In this section, you can learn more about splitting SMS into message parts and how to maximize the length of a single message part .
- Message parts explained
- How to maximize a length of a message
Message parts explained
SMS technology has been designed for short text messaging, so the initial length limitation was 140 bytes which translates into 160 English letters and numbers or 70 Arabic letters. A way of sending longer messages has been introduced few years later to support longer messages. Today SMS messages are still sent in 140 byte chunks known as message segments or message parts.
When a message contains more text than one segment can accommodate, a process known as SMS segmentation comes into play, which divides the original message into parts. Depending on the type of encoding, a single message part can contain 67 (Arabic) or 153 (Latin/English) characters, because additional metadata will need to be inserted into the message to tell the recipient that it’s a part of a multi-part SMS. Also, special characters such as various hyphens, quotation marks and underscores will affect maximum message part length because they require special encoding (the same as used when encoding Arabic language).
When Unifonic communicates with carriers to send out SMS messages, we send them one message part at a time. To help you understand how many parts your message is going to consume we have a hint in the Campaign section of the Unifonic Console.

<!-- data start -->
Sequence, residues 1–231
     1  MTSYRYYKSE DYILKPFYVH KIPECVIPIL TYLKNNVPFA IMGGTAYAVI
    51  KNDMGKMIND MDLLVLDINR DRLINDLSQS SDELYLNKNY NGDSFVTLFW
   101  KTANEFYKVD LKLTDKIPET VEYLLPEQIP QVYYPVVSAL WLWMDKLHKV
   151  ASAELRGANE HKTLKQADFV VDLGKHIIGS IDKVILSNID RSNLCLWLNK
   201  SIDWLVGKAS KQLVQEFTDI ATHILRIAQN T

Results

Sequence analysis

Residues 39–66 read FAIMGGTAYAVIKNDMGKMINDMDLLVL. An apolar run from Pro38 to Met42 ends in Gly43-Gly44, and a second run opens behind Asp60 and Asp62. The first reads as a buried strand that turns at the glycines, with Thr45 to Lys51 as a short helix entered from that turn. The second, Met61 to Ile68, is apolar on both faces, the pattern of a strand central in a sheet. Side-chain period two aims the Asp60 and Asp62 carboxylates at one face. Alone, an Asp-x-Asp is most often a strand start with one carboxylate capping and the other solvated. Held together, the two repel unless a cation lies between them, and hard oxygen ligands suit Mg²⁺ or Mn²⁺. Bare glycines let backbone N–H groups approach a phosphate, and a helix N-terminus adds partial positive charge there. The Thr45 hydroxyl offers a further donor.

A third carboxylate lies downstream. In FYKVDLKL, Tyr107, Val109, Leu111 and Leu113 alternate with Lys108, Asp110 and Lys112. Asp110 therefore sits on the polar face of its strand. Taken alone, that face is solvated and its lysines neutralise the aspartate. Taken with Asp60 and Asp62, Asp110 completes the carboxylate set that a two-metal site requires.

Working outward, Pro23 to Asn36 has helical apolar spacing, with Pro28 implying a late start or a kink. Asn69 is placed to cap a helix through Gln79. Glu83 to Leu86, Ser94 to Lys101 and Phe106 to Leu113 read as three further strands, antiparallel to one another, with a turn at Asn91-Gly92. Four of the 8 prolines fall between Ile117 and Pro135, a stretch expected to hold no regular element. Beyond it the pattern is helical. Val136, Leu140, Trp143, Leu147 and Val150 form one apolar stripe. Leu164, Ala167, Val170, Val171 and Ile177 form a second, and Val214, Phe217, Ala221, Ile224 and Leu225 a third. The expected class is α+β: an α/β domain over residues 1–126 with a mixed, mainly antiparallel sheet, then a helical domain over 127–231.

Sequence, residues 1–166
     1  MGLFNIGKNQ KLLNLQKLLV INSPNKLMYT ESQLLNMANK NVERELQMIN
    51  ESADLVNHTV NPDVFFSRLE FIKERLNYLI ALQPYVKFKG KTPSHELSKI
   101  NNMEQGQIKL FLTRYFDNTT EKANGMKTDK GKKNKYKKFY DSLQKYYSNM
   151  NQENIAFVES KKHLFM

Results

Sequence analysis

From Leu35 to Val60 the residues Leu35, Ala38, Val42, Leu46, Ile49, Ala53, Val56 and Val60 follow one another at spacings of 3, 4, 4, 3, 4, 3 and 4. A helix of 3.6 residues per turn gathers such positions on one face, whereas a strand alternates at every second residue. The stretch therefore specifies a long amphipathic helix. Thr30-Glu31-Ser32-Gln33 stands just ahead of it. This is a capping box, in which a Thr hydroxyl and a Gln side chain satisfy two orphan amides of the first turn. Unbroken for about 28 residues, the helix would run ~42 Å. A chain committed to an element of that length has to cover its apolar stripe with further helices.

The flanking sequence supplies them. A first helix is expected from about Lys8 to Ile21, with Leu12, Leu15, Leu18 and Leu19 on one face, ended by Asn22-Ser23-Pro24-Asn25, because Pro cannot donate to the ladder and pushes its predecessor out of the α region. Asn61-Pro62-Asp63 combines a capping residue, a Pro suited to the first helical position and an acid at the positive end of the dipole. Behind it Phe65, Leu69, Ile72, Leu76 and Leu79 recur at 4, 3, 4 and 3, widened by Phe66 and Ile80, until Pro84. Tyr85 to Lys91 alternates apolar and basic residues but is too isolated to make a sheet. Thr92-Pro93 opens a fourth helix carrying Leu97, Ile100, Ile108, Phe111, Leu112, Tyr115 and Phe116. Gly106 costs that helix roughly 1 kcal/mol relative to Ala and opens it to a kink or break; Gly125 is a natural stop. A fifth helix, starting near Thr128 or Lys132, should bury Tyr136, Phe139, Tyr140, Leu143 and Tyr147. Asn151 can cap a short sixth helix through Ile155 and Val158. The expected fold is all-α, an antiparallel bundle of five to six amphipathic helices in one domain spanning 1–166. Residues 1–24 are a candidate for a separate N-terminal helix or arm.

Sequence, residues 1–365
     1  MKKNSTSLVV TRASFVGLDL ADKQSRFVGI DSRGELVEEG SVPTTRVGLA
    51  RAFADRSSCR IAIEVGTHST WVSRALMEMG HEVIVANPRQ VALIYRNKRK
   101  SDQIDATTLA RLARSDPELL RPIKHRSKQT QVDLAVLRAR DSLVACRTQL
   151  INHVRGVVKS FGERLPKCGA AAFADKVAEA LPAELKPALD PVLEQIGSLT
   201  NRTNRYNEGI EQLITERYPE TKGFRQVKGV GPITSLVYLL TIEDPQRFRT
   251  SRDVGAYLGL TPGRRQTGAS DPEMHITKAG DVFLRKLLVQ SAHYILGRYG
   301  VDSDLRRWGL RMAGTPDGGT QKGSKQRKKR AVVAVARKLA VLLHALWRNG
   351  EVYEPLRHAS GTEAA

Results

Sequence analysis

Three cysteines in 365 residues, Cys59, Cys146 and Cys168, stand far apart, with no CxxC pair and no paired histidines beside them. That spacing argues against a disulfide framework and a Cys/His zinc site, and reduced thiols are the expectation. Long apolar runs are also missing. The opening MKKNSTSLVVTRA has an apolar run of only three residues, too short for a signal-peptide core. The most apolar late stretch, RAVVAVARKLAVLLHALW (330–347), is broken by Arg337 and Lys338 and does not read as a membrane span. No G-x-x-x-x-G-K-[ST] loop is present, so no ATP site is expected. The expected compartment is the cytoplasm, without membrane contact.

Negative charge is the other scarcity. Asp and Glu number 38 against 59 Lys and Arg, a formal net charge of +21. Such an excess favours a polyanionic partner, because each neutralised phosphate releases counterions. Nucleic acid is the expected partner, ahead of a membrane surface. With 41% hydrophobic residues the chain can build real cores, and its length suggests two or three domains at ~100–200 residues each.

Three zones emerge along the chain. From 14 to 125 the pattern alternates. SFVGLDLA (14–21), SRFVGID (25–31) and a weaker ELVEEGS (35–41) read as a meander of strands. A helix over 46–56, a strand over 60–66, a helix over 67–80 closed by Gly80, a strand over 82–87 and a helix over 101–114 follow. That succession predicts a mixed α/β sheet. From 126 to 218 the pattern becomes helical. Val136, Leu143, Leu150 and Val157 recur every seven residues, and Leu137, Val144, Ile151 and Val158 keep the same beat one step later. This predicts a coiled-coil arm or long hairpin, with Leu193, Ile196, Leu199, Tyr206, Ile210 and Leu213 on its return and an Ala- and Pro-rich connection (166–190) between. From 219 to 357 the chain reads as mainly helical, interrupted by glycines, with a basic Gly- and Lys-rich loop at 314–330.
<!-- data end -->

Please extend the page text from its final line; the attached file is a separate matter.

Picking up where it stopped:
This is an indication of how many parts the message will take (2 – in the example above). Maximum number of message parts that could be sent to Unifonic in a single campaign or a message submitted over API is 10.
To summarize, a message length depends on the characters and language used and you can refer to the table below:
|Number of parts||Latin, no special characters||Non-latin or special characters|
|More than one||153 per each message part||67 per each message part|
How to maximize a length of a message part
As mentioned above, various special characters encoded differently and once a single character is detected that can not be encoded with a basic character set (ASCII / GSM7) - the whole message length will shrink to 70 characters (or 67 characters if longer text is used). So in order to avoid unintentionally high SMS charges it's always better to stick to the characters from the basic character set. See a Github link below for a list of easy-to-miss characters and their appropriate twins from the basic character set.
Updated 4 months ago